The Impact of Technology and Innovation on the Wellbeing of the Legal Profession

This book concerns the impact of recent changes in technology (including the internet and artificial intelligence), as well as innovations (such as the changing ways of billing, new law firm structures and requirements and new employment practices) on the wellbeing of lawyers. There is evidence that the wellbeing of lawyers can be enhanced or diminished by these new practices and developments.
Editor(s):
Michael Legg, Prue Vines, Janet Chan
book | published | 1st edition
July 2020 | xxii + 340 pp.

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€79.-

ISBN 9781780689555


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ISBN 9781839700408

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The legal profession has undergone significant changes in the past few years. These have affected working structures and context within the profession, in turn affecting the wellbeing of individual practitioners. This book is the first to consider how these operate in practice and how they impact on the wellbeing of lawyers. This is significant because legal systems cannot operate without properly functioning lawyers. Changes considered include rapidly evolving technologies such as the internet, artificial intelligence and increasing digitisation, and innovations in legal practice. Such innovations include changes in the structures of law firms, changing requirements about whether lawyers must practice separately from other professions and changing employment practices in law firms.

The Impact of Technology and Innovation on the Well-Being of the Legal Profession considers the impact of all of these developments on the legal profession. It begins with students and how their responses to questions about their attitudes to learning may provide clues as to why they and the professionals they become might be more vulnerable to depression and anxiety than the wider population. The analysis then extends to how both satisfaction and stress levels can be simultaneously high and the implications of this, considering the experiences of lawyers in private and public practice, as well as academics, and their responses to the interactions between all of these changes. Leading researchers assess the situation in Australia and the United Kingdom in these various domains, using empirical research as the foundation of the arguments put forth.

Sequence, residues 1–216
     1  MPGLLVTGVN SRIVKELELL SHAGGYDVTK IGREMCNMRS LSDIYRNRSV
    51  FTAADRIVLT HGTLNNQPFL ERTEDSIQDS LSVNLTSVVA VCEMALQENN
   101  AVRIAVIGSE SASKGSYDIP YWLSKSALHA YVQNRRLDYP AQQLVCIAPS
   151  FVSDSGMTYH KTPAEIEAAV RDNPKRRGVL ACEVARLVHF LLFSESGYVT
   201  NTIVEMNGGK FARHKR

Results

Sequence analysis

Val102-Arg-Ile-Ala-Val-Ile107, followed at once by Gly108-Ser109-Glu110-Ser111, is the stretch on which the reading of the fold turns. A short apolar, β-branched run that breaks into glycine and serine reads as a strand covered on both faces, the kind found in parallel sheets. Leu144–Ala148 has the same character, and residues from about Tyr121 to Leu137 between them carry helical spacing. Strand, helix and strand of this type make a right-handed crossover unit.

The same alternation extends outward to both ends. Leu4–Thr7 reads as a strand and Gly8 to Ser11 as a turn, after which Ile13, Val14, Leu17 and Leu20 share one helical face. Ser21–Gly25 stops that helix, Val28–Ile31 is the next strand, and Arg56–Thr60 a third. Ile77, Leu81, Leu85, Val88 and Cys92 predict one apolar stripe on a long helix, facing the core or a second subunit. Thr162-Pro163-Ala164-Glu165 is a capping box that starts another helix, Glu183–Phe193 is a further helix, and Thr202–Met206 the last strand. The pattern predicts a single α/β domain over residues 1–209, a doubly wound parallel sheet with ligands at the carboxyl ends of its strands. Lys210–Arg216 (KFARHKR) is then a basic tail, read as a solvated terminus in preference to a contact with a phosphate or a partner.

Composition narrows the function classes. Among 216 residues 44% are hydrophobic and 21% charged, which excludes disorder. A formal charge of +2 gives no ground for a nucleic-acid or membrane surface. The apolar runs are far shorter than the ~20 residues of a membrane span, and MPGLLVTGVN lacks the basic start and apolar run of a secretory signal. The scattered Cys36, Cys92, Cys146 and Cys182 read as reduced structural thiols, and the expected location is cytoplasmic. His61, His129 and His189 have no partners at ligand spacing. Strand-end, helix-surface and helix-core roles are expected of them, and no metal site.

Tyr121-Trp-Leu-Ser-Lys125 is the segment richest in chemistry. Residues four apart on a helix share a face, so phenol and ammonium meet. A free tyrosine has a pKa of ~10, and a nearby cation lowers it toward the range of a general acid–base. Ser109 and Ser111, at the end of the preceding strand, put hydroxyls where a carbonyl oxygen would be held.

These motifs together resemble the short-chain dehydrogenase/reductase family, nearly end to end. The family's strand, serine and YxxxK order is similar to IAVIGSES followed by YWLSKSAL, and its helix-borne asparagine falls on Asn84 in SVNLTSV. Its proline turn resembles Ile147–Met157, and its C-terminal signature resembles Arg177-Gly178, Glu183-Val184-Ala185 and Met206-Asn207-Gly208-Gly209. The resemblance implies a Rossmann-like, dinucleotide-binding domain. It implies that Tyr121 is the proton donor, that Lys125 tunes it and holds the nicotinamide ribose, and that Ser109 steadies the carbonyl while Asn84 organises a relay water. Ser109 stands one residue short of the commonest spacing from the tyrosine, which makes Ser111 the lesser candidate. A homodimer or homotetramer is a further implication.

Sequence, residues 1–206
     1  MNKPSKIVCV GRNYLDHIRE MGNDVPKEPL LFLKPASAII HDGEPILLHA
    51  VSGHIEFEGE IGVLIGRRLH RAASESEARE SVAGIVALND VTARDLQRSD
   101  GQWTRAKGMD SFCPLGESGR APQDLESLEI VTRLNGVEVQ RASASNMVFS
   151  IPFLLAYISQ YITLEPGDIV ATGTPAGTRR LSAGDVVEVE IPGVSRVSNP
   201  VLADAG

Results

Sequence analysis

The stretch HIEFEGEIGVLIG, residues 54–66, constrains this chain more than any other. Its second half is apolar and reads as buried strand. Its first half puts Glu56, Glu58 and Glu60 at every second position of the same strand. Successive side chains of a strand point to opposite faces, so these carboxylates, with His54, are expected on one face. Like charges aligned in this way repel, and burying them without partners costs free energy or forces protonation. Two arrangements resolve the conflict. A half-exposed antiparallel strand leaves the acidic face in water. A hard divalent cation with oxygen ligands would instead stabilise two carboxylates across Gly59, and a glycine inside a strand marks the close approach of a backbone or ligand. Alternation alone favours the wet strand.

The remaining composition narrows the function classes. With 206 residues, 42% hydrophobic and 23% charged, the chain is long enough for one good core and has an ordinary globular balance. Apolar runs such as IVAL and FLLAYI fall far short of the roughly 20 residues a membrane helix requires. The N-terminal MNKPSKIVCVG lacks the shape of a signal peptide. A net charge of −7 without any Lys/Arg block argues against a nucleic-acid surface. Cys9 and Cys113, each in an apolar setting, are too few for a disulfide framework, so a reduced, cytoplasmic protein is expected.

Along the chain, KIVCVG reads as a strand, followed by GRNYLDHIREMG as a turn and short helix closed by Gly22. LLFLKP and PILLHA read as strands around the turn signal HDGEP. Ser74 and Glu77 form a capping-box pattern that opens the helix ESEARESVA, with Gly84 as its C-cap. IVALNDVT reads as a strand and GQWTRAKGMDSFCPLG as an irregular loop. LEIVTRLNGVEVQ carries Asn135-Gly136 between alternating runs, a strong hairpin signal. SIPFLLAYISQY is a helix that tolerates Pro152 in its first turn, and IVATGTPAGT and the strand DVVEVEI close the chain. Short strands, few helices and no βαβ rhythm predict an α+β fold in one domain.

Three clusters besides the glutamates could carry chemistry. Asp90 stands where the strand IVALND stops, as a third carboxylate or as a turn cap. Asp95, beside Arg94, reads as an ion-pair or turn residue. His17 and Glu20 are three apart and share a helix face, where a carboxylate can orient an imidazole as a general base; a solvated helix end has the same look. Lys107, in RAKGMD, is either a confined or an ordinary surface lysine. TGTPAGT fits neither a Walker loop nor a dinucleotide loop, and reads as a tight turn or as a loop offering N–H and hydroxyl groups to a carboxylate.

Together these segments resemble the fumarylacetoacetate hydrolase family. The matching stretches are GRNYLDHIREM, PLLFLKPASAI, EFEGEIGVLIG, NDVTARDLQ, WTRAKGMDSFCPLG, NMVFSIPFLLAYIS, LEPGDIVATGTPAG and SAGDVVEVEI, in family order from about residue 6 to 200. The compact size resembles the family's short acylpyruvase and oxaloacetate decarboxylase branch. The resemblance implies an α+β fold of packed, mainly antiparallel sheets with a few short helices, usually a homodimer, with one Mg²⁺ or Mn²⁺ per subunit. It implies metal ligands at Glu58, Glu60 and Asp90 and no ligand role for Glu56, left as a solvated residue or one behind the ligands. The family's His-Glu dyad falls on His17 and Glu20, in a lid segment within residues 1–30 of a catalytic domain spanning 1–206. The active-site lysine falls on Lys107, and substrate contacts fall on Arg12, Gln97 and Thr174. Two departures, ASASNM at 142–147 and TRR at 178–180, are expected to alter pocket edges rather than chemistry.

Anyone who is interested in the future of the legal profession and the challenges currently faced as a consequence of the massive structural and environmental changes experienced should read this book.

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Michael Legg is Professor of Law and the Director of the Law Society of New South Wales Future of Law and Innovation in the Profession (FLIP) research stream at UNSW.

Prue Vines is Professor of Law and Associate Dean (Education) and Co-Director of the Private Law Research and Policy Group at UNSW Law.

Janet Chan is Professor at UNSW Law and leader of the Data Justice research stream at the Allens Hub for Technology, Law and Innovation.

Table of Contents

Table of contents and preliminary pages (p. 0)

Michael Legg, Prue Vines, Janet Chan

Part I. Introduction

Chapter 1. The Changing Field of Lawyering and its Impact on Practice and Wellbeing (p. 1)

Part II. Change, Stress and Wellbeing

Chapter 2. Student Attitudes to Legal Education: Revisiting the Pointers to Depression and Anxiety? (p. 29)

Chapter 3. The Paradox of Satisfaction and Distress Among Lawyers: Implications for a Changing Field (p. 57)

Chapter 4. Stress, Bullying and Harassment in the Legal Profession: A Risky Business (p. 77)

Chapter 5. Public Sector Lawyering Stress and Wellbeing: Neoliberalism at Work? (p. 105)

Chapter 6. Law Tachers Speak Out: What do Law Schools Need to Change? (p. 131)

Part III. Technology, Innovation and the Structure of Legal Practice

Chapter 7. Behavioural Legal Ethics and Attorney Wellbeing in Contemporary Practice (p. 153)

Chapter 8. Is 'Uberisation' the Path to Lawyer Wellbeing? (p. 177)

Chapter 9. Do Law Firm Structures Matter? Incorporated Legal Practices and the Health and Wellbeing of Lawyers (p. 199)

Chapter 10. Artificial Intelligence and Lawyer Wellbeing (p. 239)

Chapter 11. Lawyers' Fee Arrangements and their Wellbeing (p. 267)

Part IV. Conclusion

Chapter 12. Reflections on the UK Experience of Legal Academic Wellbeing and the Legal Professions: Moving Across Silos (p. 311)